With Sinofsky Exit, Microsoft Loses Its Steve Jobs

Farhad Manjoo: Who cares if Windows boss was kind of mean?
By Evann Gastaldo,  Newser Staff
Posted Nov 14, 2012 1:16 PM CST
With Sinofsky Exit, Microsoft Loses Its Steve Jobs
Steven Sinofsky, president of the Microsoft Windows group, delivers his presentation at the launch of Microsoft Windows 8, in New York, Thursday, Oct. 25, 2012.   (AP Photo/Richard Drew)

Farhad Manjoo pulls no punches when it comes to the departure of Windows chief Steve Sinofsky from Microsoft: It's like FDR firing Dwight Eisenhower on D-Day. Of course, both Sinofsky and Microsoft are trying to paint this as a mutual, amicable decision, but that's ridiculous, Manjoo writes on Slate. Sinofsky was fired because "he was a jerk." But "so what?" Manjoo wonders. Sinofsky was also the guy who could have, finally, brought Microsoft into true competition with Apple—and he's reminiscent of the abrasive Steve Jobs in more than just his attitude.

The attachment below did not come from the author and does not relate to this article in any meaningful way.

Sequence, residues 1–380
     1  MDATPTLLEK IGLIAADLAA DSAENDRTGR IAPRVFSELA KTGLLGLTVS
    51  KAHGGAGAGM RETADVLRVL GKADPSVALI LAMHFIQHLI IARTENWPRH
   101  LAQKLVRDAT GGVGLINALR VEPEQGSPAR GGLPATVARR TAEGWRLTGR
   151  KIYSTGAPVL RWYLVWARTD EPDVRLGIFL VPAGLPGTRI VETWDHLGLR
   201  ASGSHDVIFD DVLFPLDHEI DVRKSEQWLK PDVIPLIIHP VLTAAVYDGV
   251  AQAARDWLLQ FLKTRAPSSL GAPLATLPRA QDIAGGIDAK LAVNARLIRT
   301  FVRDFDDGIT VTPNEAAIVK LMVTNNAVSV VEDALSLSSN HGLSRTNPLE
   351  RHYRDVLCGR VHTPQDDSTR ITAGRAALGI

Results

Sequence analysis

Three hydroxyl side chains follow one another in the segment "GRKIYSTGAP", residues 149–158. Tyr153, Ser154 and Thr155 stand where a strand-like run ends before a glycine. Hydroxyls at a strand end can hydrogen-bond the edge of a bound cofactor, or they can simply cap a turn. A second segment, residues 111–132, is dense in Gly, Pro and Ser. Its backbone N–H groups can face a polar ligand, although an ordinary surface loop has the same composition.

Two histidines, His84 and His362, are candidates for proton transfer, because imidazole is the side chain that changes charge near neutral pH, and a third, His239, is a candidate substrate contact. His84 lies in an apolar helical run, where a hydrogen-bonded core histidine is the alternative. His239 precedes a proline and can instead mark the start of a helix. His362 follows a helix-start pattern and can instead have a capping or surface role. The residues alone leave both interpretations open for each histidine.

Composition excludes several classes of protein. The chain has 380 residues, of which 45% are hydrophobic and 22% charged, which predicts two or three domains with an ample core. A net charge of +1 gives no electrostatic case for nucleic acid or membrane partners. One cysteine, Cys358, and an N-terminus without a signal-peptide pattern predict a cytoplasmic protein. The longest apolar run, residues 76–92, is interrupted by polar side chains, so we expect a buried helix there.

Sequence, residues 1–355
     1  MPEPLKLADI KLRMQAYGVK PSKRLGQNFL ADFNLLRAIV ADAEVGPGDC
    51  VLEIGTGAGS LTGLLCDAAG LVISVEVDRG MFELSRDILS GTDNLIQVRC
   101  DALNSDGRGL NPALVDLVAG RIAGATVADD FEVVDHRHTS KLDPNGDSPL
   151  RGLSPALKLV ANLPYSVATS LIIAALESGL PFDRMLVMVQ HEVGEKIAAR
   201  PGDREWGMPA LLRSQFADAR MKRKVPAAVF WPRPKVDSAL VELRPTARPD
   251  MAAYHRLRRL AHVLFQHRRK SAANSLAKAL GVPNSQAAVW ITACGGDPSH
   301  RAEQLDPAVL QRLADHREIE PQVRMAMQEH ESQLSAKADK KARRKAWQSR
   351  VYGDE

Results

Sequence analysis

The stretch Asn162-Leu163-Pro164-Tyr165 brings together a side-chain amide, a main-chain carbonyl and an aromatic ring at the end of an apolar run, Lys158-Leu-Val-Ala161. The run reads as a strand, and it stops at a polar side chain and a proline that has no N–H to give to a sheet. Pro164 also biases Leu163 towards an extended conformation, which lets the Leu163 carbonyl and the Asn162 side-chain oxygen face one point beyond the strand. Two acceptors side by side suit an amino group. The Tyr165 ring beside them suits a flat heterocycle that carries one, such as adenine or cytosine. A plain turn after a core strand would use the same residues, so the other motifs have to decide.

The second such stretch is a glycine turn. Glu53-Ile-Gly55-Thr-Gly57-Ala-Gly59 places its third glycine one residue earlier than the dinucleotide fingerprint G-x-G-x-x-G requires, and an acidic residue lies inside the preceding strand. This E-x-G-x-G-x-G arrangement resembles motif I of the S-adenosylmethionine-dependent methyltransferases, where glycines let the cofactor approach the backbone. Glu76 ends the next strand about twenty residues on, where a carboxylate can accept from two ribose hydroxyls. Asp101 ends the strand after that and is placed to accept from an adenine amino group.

Sinofsky was behind both Windows 8 and the Surface tablet—and even if you don't like the Surface, the two products "represented Microsoft's D-Day, its bold attempt to beat back Apple's post-PC invasion," Manjoo writes. And "Sinofsky deserves all the credit (or blame) for Microsoft’s new path," forging ahead "single-mindedly and almost single-handedly." He won few friends while doing so, but he got the job done. Who cares if Microsoft will now enjoy a more harmonious environment? With Sinofsky gone, the company "is rudderless at a time of intense competition." Click for Manjoo's full column. (Read more Steve Sinofsky stories.)

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